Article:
Author notification: 15 June 2011
    Revisions submitted: 1 August 2011
    Final decisions: 15 September 2011
    Publication: 1 January 2012


Instructions for submission:

*  The submission website for this journal is located at: http://ees.elsevier.com/jws
*  To ensure that all manuscripts are correctly identified for inclusion
    into the special issue you are editing, it is important that authors select
     "S.I.: Messiness of the Web of Data"
    when they reach the "Article Type" step in the submission process.


Guest Editors/Contacts
Stefan Schlobach (contact) -- Vrije Universiteit Amsterdam -- schlobac@few.vu.nl
Craig A. Knoblock -- University of Southern California -- knoblock@isi.edu


Some example problems that would be interesting for this special issue:

1) Similarity Search: Often users are interested in finding similar resources on the
  WoD. For example, find cities like Amsterdam or compare universities across Europe.
  Here, users may not be able to specifically identify the desired overlap. Instead,
  it is up to the query answering system to identify the overlap and supply reasonable

2) Schemaless Query: One of the positive things about the WoD is the ability for data
  providers and consumers to use their preferred schema. However, this makes it difficult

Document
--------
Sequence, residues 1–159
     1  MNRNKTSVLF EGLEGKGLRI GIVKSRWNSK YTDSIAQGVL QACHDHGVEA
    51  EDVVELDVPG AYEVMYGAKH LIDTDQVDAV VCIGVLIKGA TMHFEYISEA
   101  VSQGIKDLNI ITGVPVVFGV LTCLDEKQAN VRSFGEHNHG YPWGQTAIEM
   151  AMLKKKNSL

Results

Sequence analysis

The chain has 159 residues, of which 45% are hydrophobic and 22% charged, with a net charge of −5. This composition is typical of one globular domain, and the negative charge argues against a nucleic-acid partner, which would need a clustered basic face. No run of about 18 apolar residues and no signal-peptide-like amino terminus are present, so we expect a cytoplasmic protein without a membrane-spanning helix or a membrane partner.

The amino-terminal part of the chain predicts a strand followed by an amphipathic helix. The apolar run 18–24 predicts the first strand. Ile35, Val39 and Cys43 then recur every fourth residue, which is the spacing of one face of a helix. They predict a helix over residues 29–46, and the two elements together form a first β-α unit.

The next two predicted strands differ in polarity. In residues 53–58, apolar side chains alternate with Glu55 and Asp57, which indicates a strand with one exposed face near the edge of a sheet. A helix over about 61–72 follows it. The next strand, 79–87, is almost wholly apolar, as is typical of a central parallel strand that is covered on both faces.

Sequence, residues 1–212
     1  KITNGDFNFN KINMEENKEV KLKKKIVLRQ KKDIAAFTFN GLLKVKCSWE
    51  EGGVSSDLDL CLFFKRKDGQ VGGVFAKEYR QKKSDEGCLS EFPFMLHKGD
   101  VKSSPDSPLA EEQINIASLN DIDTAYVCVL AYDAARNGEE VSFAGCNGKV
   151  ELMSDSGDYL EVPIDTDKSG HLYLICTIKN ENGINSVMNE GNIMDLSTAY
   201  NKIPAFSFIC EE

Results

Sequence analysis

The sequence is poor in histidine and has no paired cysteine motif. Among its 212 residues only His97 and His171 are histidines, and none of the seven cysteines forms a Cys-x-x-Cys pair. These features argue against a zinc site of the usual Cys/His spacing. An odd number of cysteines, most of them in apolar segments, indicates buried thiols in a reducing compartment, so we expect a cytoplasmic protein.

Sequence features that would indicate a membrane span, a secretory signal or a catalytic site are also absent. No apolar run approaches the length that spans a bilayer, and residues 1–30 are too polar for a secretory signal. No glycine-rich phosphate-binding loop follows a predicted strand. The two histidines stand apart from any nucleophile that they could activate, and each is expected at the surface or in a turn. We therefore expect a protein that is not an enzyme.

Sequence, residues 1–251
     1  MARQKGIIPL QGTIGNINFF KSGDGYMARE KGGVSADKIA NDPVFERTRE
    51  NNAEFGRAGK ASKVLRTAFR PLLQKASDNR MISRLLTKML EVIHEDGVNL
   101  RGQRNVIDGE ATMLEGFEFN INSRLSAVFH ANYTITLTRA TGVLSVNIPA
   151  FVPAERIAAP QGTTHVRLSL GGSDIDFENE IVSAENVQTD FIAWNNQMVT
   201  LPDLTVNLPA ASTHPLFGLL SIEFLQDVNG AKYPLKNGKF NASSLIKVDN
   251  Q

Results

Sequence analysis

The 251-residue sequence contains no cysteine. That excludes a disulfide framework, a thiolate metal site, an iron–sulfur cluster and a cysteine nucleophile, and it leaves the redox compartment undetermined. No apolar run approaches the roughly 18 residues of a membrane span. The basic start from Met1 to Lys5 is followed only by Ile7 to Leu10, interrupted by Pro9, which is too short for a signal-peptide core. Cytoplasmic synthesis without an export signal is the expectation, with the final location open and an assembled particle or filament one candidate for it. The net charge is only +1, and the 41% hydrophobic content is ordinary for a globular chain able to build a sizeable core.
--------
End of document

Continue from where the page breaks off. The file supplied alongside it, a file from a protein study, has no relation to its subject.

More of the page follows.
to query new data sources. Users must discover, which schema is used. Furthermore, it
  makes queries across data sources even more difficult because mappings between
  vocabularies must be available. We believe that approximation can help alleviate this
  problem by finding nswers "close enough" to the posed query's schema.

3) Robust Query: Misspellings, misuse of vocabulary, violations of schema constraints,
  all these are part of daily life on the WoD. Today, technologies either skip over such
  data or must contain workarounds to deal with it. A systematic approach to dealing with
  these issues using approximation techniques, would provide a more usable WoD.

4) Aggregated Search Results: answers to more sophisticated queries do not reside all
  within one triple store. Only by aggregating facts from multiple stores can answers be
  provided. While federation can virtually provide a single triple store, it has
  limitations in terms of the consistency required across the underlying triple stores.
  We believe that approximation can provide a mechanism to enable more robust aggregated
  search results and federation.

5) Robust extraction: most data that is useful for the Web of Data is not build using
  Semantic technology but stems from traditional databases. Often this data is translated,
  or even scraped from Web Services or even html pages. Linking this information in well-
  understood and Semantically correct are crucial for the WoD.

Stefan Schlobach, PhD      Artificial Intelligence Department
Faculty of Science         Vrije Universiteit Amsterdam
schlobac@few.vu.nl         http://www.few.vu.nl/~schlobac
Received on Friday, 17 December 2010 14:39:02 UTC